Quadrivalent human papillomavirus vaccination decreases genital warts

January 01, 0001

Quadrivalent human papillomavirus vaccination decreases genital warts

Quadrivalent human papillomavirus (HPV) vaccine has high efficacy in clinical trials but no reports describe its effects at a population level. From July, 2007, Australia was the first country to fund a vaccination programme for all women aged 12—26 years. The researchers from Australia established a national surveillance network in Australia and aimed to identify trends in diagnoses of genital warts in 2004—09. They obtained standardised data for demographic factors, frequency of genital warts, HPV vaccination status, and sexual behaviour for new patients attending eight sexual health services in Australia between January, 2004, and December, 2009. Their primary group of interest was female Australian residents who were eligible for free vaccination, although data were assessed for patients ineligible for free vaccination, including women older than 26 years of age, non-resident women, and men.

Among 112 083 new patients attending sexual health services, they identified 9% as cases of genital warts. Before the vaccine programme started, there was no change in proportion of women or heterosexual men diagnosed with genital warts. After vaccination began, a decline in number of diagnoses of genital warts was noted for young female residents (59%). No significant decline was noted in female non- residents, women older than 26 years in July, 2007, or in men who have sex with men. However, proportionally fewer heterosexual men were diagnosed with genital warts during the vaccine period (28%), and this effect was more pronounced in young men. By 2009, 65.1% of female Australian residents who were eligible for free vaccine reported receipt of quadrivalent or unknown HPV vaccine.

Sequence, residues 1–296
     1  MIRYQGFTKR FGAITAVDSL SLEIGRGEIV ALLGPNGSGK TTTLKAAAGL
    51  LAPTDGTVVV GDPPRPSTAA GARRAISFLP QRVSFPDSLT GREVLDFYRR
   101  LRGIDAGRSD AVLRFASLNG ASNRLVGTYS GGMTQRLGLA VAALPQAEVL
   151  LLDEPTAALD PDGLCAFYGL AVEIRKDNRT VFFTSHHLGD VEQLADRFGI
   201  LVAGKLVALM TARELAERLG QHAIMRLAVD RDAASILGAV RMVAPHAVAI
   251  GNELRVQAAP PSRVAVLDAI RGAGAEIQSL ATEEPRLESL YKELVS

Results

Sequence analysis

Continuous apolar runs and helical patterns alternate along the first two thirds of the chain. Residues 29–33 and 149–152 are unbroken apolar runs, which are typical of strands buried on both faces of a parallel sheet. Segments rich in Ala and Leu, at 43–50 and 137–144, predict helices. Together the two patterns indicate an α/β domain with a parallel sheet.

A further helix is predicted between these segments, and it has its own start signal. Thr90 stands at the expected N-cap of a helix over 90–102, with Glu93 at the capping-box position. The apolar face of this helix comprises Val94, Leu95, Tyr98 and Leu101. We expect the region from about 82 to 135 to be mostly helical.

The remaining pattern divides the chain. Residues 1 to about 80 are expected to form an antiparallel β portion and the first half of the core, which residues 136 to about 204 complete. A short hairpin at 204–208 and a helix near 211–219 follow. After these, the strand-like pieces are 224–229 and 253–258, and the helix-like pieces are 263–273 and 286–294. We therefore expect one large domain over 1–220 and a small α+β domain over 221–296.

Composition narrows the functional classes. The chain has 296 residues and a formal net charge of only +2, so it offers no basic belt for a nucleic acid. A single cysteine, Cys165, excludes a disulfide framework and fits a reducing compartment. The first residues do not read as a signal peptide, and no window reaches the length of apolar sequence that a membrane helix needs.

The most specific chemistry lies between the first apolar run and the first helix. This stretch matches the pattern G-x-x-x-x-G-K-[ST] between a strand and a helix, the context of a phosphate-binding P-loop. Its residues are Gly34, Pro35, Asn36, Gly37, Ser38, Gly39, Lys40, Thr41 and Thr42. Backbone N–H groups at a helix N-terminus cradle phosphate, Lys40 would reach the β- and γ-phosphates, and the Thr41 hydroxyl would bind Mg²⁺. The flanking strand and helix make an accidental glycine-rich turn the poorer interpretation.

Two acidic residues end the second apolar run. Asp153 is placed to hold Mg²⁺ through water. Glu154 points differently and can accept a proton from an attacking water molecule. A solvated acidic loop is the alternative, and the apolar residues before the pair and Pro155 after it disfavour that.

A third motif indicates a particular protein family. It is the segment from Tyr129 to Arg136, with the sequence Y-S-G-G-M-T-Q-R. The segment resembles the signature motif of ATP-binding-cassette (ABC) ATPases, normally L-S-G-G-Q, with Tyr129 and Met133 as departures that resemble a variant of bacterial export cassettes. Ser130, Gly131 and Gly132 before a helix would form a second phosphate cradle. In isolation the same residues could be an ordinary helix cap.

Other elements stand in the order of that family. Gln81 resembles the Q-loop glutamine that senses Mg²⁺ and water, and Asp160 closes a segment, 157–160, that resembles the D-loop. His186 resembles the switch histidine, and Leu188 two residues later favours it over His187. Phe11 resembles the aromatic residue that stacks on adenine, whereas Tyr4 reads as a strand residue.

The researchers concluded: "The decrease in frequency of genital warts in young Australian women resulting from the high coverage of HPV vaccination might provide protective effects in heterosexual men through herd immunity."

Although there was a decrease in males by targeting females, it may be worth vaccinating males as well.

For the full abstract, click here.

The Lancet Infectious Diseases published online 9 November 2010
© 2010 Elsevier Ltd
Quadrivalent human papillomavirus vaccination and trends in genital warts in Australia: analysis of national sentinel surveillance data. Basil Donovan, Neil Franklin, Rebecca Guy et al. Correspondence to Prof Basil Donovan: [email protected]

Category: X. Female Genital System, Breast, Y. Male Genital System, Breast. Keywords: papillomavirus, vaccination, genital warts, trends, Australia, analysis of national sentinel surveillance data, journal watch.
Synopsis edited by Dr Stephen Wilkinson, Melbourne, Australia. Posted on Global Family Doctor 26 November 2010

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